Disown Bulay threat to critics, Comelec urged | Inquirer News

Disown Bulay threat to critics, Comelec urged

Commisioner Rey Bulay of Comelec. STORY: Disown Bulay threat, Comelec urged

Commisioner Rey Bulay of Comelec (FILE PHOTO)

MANILA, Philippines — The members of the Commission on Elections (Comelec) should disown the public threat made by Commissioner Rey Bulay if they want to maintain Filipino voters’ trust in the elections two weeks from now, officials said on Sunday.

ACT Teachers Rep. France Castro was referring to Bulay’s remark of sending the military to arrest the poll body’s critics amid mounting criticisms of Comelec’s actions or inactions.


Bulay made the remark in a press conference that Commissioner Socorro Inting, the most senior in the seven-member poll body, convened to call out the alumni association of the Asian Institute of Management for questioning the commission’s impartiality.

But, Castro said, Bulay’s remarks were equally uncalled for and the six other election commissioners should categorically disown the “outburst” because it raises several controversial legal issues only days before Election Day.


‘Shrinking democratic space’

“Citizens, either by themselves or through their organizations, are completely within their rights to appeal or call for the holding of orderly, peaceful and credible elections,” Castro said in a statement on Sunday.

The lawmaker also cautioned the poll body from interpreting such calls or criticism as being intended to “sow distrust in the integrity of the Comelec” or “subtly condition the minds” of voters.

“No commissioner should be onion-skinned and get angry over such appeals from the public, much less threaten to sic the military on citizens who are just exercising their rights,” Castro said.

Castro urged the other election commissioners to immediately disown Bulay’s statement, if he will not retract it, because it was “prior restraint of free speech and expression … and constricts the already-shrinking democratic space in the country.”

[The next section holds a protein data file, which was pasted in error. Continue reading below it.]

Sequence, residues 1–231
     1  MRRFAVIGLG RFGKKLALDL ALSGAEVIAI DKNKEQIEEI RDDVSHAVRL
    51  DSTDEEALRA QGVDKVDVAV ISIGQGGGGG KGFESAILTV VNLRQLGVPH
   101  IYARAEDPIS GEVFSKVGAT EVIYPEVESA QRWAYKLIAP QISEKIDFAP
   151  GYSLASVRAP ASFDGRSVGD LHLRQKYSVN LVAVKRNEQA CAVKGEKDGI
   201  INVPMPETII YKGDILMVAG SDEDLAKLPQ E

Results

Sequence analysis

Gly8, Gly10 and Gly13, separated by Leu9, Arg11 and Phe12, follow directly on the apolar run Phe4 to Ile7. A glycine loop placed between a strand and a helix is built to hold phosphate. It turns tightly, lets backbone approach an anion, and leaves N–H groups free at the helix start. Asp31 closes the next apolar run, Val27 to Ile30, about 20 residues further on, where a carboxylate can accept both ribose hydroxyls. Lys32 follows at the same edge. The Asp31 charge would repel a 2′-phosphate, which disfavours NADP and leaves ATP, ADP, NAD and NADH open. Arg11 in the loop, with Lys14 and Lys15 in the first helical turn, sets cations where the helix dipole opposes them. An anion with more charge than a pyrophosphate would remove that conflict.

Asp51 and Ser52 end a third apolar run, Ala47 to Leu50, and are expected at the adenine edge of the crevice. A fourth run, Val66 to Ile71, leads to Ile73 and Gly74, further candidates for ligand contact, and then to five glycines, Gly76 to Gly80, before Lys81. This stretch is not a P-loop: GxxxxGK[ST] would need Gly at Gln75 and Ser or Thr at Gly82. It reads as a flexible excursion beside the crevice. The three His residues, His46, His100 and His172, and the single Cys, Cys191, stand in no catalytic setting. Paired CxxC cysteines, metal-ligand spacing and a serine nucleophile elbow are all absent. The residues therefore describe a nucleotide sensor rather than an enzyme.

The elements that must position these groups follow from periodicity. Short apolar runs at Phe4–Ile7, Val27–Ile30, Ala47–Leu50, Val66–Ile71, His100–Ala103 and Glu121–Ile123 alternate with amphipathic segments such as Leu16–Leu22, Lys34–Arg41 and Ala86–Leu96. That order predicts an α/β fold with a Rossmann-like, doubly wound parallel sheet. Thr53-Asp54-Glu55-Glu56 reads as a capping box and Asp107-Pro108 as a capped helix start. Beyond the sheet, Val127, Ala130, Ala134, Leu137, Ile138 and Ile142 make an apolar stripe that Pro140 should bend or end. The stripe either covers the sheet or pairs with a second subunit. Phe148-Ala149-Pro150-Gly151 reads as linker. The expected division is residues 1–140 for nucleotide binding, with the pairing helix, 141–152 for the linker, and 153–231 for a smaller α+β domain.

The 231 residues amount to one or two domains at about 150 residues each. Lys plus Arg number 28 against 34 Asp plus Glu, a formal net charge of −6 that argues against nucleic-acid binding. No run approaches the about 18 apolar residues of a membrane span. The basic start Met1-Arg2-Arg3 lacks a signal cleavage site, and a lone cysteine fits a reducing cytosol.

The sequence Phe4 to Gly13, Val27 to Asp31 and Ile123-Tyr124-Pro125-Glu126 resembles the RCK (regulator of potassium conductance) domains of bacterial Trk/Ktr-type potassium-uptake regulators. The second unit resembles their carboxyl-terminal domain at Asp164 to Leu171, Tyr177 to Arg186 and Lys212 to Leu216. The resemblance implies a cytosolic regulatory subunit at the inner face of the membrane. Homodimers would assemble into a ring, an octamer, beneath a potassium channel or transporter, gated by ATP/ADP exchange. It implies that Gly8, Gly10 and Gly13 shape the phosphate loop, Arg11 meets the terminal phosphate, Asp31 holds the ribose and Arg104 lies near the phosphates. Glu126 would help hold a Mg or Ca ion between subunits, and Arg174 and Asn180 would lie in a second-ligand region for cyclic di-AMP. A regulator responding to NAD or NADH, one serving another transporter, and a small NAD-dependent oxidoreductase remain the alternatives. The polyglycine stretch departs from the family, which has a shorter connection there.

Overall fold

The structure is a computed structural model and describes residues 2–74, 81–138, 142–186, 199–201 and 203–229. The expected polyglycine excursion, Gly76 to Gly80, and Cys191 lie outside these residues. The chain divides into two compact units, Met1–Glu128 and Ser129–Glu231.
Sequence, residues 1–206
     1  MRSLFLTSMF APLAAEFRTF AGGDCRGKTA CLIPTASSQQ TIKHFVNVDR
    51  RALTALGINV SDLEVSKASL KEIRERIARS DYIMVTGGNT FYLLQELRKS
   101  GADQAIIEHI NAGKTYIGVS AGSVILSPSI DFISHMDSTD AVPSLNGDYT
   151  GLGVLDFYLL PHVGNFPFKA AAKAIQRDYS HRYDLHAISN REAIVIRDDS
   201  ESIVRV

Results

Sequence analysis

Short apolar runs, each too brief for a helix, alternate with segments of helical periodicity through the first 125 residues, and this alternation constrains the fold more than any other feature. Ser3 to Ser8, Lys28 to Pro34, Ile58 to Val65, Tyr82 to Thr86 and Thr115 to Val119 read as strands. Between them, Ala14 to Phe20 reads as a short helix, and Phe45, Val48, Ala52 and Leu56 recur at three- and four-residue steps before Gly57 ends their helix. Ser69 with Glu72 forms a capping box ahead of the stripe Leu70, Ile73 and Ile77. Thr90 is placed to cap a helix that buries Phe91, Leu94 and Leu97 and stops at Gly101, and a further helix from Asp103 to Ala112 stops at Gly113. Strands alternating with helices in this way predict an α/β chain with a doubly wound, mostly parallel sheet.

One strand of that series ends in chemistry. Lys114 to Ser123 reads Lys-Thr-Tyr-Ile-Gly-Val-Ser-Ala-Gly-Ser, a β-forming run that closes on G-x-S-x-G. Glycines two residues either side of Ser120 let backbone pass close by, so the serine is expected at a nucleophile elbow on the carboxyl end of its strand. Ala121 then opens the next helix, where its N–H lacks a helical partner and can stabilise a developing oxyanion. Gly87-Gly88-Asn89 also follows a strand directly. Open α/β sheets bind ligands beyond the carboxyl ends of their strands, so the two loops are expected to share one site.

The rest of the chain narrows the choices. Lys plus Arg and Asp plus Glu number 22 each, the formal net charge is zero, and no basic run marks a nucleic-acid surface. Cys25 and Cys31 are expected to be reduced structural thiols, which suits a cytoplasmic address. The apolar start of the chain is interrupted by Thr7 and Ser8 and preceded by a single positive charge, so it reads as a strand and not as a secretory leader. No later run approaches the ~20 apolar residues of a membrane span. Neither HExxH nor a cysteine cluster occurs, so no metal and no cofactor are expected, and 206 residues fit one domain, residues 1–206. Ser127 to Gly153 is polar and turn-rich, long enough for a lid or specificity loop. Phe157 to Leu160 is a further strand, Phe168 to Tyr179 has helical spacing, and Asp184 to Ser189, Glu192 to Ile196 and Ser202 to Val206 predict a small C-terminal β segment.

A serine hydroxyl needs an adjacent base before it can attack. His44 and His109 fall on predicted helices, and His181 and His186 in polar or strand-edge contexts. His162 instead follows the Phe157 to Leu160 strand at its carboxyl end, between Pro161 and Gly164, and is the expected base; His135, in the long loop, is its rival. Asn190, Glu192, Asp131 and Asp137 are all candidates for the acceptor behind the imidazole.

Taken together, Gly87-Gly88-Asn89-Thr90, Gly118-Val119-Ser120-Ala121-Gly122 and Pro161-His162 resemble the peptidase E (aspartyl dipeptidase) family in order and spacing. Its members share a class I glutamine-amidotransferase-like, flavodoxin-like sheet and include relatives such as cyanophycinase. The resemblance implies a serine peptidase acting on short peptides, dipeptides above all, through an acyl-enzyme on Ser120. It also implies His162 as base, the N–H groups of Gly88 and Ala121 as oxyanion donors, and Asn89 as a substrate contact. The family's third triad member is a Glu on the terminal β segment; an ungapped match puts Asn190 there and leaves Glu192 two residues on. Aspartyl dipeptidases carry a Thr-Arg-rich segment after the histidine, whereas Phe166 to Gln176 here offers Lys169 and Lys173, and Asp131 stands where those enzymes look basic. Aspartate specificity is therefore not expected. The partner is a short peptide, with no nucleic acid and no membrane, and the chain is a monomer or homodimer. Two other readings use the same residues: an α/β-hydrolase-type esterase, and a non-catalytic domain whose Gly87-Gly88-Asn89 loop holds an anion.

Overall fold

But Sen. Leila de Lima, who — like Bulay — also went to the San Beda College law school, slammed the election commissioner for his undemocratic remarks and ignorance of the law.

‘Ignorance of the law’

“What kind of people and lawyers are in office now? The lack of respect for the Constitution is disturbing, to say the least,” said De Lima, a noted election lawyer before being named justice secretary in 2010.

In a statement from Camp Crame where she is detained while under trial for drug trafficking, De Lima said Bulay exposed his ignorance of the limits of his powers as elections commissioner.


“Under the Constitution, the only time the [Armed Forces of the Philippines] is allowed to exercise the law enforcement powers of the [Philippine National Police], like arresting people, is when the commander in chief (the President) calls out the AFP to suppress lawless violence,” De Lima said.

“Neither Bulay nor the Comelec is the commander in chief. Not even during elections. The Comelec’s deputization power during elections certainly does not include the power to use the AFP in stifling criticisms and suppressing free speech,” she said.

“It is particularly worrisome that a sitting Comelec commissioner is entirely ignorant of the limits of the Comelec’s powers over the AFP during elections as to usurp even the command powers of the President and use the AFP to bully the people,” she said.

“It is doubly worrisome that none of the Commissioners present with him at the Comelec press con yesterday even bothered to correct him,” she added.


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